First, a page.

Shelters were needed in city
In an average year, 800 tornadoes are reported nationwide, resulting in 80 deaths and over 1,500 injuries. The most violent tornadoes are capable of tremendous destruction. Damage paths can be in excess of one mile wide and 50 miles long.
This week, the City of Russellville opened two new storm shelters to help safeguard the city's residents against such devastation.
Thanks to the hard work of the city council, Fire Chief Joe Mansell, Police Chief Chris Hargett and county EMA Director Roy Gober, the city is in a better position to fend off severe weather.
Furthermore, we applaud the city's decision to open these facilities upon the issuing of a tornado watch, rather than a warning.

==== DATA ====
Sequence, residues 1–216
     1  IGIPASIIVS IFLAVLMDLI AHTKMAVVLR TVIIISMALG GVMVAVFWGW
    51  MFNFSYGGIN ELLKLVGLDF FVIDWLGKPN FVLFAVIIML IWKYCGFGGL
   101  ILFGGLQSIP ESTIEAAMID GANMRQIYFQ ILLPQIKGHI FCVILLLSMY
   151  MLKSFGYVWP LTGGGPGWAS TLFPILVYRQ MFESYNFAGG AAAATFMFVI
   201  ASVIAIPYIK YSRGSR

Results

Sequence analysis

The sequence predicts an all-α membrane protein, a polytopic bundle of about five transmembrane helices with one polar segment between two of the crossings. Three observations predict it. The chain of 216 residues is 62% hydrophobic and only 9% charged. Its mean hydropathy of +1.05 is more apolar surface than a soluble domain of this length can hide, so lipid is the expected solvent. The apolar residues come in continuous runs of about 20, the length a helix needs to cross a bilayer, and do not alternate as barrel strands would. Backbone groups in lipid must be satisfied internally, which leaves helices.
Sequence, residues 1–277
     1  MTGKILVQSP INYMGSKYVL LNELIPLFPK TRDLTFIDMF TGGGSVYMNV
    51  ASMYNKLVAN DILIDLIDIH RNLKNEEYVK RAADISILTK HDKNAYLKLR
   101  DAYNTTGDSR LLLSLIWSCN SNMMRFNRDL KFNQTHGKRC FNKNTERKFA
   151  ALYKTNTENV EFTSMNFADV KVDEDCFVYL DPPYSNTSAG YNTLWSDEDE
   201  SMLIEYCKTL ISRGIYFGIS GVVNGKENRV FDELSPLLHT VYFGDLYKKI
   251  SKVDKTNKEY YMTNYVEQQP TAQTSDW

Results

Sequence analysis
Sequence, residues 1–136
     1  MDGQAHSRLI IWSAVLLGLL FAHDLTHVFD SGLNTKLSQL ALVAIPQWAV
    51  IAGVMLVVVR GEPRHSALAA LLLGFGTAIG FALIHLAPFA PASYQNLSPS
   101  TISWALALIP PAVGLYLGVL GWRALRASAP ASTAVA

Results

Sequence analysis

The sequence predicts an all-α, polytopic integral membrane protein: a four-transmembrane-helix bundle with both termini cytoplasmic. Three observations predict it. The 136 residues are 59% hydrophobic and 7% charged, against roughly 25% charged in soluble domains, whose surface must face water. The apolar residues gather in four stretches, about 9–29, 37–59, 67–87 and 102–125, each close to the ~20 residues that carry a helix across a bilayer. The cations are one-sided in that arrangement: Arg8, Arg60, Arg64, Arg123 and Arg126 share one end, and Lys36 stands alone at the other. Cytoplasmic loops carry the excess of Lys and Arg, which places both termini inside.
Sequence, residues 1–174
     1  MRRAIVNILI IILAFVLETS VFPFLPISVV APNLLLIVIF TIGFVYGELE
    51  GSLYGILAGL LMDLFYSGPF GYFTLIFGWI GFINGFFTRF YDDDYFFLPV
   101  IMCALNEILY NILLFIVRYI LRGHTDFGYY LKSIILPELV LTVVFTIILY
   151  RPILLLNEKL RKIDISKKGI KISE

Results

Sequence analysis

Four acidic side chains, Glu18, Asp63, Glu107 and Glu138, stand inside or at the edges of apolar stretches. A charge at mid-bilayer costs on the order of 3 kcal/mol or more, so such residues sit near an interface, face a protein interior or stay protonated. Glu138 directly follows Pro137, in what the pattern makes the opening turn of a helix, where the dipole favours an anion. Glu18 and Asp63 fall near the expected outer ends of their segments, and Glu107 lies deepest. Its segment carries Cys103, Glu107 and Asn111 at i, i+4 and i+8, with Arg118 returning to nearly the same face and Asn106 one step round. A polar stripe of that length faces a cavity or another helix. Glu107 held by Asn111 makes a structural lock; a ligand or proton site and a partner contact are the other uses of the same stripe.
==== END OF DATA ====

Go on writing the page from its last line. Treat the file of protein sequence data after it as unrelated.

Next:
Tornado watches may last several hours, and more often than not, the residents who make their way to these shelters will find themselves there for hours on end. However, once a tornado warning is issued, it may be too late in many cases for residents to drive to the facility. For those who can make it, they will be driving in the worst part of the storm. We would like to thank the mayor and council, Chief Hargett, Chief Mansell and Roy Gober for all their work to make Franklin County a little safer. This was a step above and beyond what is required of their offices but it was a step we're all better off for them having taken.